TERRI TAYLOR estimates that 99 percent of the infant car seats in Howard County are incorrectly installed, and she ought to know: She is a volunteer for the Howard County SAFE KIDS Coalition, which has correctly installed more than 4,000 car seats since 1999. The Howard County SAFE KIDS Coalition is working to change those statistics. Each month, they alternate between the Scaggsville Fire Station or the 5th District Fire Station in Clarksville, where parents can bring their cars and car seats to be correctly installed twice each month.
FEATURES
By Tricia Bishop and The Baltimore Sun | July 10, 2013
Harford County will launch a new monthly program July 19 offering free car-seat inspections for parents who want to make sure theirs are installed correctly. Other regions, including Baltimore, already offer similar inspections. Roughly three quarters of all Maryland car seats inspected last year were either improperly installed or the wrong size for the children using them, according to Harford County police. It's a frightening figure given that car crashes are the main cause of accidental death and injury for U.S. children.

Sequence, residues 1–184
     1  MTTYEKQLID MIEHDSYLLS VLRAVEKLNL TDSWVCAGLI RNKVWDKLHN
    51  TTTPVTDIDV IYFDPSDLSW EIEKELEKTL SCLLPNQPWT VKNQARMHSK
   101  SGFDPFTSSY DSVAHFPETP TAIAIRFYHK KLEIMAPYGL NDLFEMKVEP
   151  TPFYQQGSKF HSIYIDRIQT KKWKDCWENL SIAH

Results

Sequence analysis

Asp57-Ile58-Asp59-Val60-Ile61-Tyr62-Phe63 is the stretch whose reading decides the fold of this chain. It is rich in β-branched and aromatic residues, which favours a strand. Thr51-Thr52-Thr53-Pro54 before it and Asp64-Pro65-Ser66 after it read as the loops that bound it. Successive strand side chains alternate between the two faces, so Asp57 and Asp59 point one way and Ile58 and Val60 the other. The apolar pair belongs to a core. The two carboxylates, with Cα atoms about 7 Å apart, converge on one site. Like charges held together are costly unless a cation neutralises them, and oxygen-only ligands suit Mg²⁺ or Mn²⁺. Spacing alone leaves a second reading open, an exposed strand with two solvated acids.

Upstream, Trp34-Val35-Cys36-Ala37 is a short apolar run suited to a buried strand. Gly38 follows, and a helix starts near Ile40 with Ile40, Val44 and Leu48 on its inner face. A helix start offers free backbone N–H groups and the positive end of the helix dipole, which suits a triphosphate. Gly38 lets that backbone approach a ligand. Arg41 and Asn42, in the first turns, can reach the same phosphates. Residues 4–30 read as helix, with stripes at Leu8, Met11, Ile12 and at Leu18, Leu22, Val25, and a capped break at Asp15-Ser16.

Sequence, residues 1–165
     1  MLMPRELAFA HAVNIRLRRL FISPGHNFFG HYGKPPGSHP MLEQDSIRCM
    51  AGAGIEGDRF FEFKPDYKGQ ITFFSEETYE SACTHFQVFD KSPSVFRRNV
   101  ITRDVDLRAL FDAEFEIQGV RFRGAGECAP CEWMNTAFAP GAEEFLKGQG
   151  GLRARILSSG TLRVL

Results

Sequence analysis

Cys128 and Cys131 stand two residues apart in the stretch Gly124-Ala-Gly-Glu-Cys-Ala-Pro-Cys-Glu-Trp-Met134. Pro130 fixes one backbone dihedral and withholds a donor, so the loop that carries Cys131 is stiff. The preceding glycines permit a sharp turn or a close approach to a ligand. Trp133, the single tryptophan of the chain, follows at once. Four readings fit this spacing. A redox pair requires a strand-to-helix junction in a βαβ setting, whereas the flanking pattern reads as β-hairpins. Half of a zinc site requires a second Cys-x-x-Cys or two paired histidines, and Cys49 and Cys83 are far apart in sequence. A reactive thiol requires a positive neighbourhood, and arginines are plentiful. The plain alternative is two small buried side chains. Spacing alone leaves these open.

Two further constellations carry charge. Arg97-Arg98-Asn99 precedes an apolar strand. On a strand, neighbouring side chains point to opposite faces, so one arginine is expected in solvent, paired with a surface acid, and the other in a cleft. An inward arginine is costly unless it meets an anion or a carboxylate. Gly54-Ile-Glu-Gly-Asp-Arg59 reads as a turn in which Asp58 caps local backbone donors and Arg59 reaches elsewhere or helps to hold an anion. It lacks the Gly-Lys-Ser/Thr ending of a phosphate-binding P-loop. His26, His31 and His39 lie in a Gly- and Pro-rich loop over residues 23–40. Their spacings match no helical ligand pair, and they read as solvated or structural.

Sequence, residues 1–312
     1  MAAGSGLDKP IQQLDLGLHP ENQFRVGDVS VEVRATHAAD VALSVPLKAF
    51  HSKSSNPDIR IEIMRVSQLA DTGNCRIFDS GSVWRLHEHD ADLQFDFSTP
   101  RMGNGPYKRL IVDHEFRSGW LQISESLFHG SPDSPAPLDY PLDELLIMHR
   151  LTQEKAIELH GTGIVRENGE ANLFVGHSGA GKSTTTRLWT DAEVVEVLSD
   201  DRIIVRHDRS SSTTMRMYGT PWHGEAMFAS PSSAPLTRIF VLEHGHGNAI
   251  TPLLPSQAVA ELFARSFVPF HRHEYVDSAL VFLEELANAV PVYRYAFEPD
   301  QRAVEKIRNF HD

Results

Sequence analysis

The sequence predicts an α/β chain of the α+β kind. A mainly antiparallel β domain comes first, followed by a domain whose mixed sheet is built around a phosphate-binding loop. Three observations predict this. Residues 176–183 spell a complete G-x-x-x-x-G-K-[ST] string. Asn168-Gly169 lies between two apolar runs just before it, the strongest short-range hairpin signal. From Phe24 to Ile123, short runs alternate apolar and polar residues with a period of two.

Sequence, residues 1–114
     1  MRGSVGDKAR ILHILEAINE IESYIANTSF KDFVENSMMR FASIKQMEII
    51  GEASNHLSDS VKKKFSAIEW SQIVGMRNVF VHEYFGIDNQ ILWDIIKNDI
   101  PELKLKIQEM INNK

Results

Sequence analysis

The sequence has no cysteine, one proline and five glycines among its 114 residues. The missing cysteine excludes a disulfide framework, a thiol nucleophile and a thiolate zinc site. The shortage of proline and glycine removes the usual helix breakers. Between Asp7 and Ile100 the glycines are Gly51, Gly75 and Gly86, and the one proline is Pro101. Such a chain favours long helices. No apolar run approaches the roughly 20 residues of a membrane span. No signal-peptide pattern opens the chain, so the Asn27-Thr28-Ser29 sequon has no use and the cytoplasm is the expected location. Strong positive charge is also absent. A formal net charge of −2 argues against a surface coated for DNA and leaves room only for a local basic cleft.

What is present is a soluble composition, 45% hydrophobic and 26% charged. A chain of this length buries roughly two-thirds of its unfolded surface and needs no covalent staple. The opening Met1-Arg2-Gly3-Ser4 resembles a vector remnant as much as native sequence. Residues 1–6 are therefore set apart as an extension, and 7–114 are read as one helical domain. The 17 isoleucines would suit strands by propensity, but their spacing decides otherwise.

FEATURES
By Patricia Meisol and Patricia Meisol,Sun Staff Writer | September 8, 1995
Car seats are everywhere. In the laundry room. In the den. In the shed. At her sister's house. They've taken over Debbie Baer's house, and they've taken over her life.Hardly a day goes by when someone doesn't call the 47-year-old Pikesville nurse for advice on buying car seats or help in installing one. She often invites callers over so she can personally inspect their car seats.Then there's her parking lot crusade. Wherever she goes, Mrs. Baer scouts for improperly installed child seats.